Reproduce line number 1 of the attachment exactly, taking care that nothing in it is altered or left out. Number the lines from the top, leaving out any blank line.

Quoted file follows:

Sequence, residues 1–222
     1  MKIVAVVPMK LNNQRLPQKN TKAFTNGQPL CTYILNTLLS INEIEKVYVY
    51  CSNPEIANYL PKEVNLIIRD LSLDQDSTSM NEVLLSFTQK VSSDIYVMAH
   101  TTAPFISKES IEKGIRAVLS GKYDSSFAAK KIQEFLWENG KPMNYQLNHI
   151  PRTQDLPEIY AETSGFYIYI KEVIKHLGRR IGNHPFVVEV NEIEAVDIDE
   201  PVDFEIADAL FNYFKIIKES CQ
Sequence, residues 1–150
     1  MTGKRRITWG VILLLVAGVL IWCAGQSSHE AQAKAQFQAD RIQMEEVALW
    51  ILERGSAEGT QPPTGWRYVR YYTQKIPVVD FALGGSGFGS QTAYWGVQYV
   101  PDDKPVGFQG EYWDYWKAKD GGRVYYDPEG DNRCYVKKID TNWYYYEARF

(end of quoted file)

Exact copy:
Sequence, residues 1–222